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Unformatted text preview: Sampling distributions and Standard error Chapters 9 & 11 2 Sample vs. Population • Focus will now shift to sample means , rather than individual scores. • Population : • Complete set of individuals, objects, or scores that the investigator is interested in studying. • In an actual experiment, the population is the larger group of individuals from which the experimental subjects have been taken. • The group that you want to draw inferences about. • Sample : • A subset of the population from which the experimental data is collected. 3 Examples of Samples and Population 4 Why Study Samples? • Often not practical to study an entire population. • Instead, researchers attempt to make samples representative of the populations. – Random Selection: • Each member of the population has an equal chance of being sampled. • Good but difficult. – Haphazard Selection: • Take steps to ensure samples do not differ from the population in systematic ways. • Not as good but much more practical. 5 Population and Sample • General strategy in Psychology: – Study a group of individuals who are believed to be representative of the general population (or some particular population of interest) • A “parameter” is a characteristic of a population. – Example : the average heart rate of all Canadians. • A “statistic” is a characteristic of a sample. – Example : the average heart rate of a sample of Canadians • We use statistics of samples to estimate parameters of populations. 6 Statistics and Parameters • Statistic b estimates b parameter Population M (or μ) Population SD Population SD 2 ρ “rho” M SD SD 2 r 7 Random Sampling Model • Takes into account chance factors (sampling variation) when sample results are being interpreted. • A common problem in statistical inference involves making inferences about population mean from M. • A random sample is a sample drawn from a population such that each possible sample of the specified size has an equal probability of being selected. – Telephone or housetohouse interviews conducted only in the evening, which automatically eliminates people who hold night jobs....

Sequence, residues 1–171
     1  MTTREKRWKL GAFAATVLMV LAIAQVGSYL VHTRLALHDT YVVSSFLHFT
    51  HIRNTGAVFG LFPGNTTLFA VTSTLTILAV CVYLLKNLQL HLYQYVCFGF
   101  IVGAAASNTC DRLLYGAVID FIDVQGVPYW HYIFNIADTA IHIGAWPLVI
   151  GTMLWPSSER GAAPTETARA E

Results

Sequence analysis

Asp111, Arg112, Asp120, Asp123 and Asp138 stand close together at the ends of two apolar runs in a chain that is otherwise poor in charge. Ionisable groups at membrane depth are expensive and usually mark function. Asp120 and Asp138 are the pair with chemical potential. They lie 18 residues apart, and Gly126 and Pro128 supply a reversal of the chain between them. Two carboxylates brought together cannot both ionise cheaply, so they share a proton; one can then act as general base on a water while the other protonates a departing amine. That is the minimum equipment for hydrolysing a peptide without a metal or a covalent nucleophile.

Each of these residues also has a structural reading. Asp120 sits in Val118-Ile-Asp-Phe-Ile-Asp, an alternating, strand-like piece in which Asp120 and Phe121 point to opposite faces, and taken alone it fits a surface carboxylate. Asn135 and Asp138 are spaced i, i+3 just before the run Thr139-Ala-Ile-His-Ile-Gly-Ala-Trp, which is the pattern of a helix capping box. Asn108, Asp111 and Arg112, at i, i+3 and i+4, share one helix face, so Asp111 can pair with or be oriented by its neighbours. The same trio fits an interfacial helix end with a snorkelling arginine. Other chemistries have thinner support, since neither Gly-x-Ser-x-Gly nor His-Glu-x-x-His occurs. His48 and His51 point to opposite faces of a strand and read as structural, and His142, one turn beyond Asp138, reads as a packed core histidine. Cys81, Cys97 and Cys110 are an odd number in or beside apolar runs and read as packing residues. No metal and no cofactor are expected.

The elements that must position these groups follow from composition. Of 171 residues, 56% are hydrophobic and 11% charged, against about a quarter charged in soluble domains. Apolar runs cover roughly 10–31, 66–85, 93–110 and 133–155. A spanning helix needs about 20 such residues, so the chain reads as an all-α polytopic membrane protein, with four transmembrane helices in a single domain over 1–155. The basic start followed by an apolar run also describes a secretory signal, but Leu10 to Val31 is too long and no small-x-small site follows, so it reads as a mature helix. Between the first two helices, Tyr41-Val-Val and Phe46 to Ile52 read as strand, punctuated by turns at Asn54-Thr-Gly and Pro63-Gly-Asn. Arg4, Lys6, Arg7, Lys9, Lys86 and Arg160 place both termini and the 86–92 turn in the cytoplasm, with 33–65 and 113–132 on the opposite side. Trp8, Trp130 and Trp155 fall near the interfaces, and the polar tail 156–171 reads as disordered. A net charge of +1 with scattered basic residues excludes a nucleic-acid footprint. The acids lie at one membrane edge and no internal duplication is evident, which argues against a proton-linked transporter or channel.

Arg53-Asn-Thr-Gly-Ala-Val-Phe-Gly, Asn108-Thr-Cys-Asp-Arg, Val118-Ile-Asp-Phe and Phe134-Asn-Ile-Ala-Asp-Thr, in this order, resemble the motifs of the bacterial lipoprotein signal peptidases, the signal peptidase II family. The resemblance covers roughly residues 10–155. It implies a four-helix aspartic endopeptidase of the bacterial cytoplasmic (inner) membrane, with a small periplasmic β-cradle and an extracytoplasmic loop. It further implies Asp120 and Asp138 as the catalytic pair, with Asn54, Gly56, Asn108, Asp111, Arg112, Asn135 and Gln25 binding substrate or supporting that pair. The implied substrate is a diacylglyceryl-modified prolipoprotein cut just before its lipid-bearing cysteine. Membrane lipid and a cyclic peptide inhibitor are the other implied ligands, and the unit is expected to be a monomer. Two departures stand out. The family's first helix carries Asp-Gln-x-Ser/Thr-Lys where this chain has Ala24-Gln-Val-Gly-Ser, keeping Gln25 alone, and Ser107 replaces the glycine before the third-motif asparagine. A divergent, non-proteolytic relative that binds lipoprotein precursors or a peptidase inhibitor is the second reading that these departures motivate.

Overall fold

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This note was uploaded on 04/29/2010 for the course PSYCH 315 taught by Professor Afroditipanagopoulos during the Winter '10 term at Concordia Canada.
 Winter '10
 AfroditiPanagopoulos

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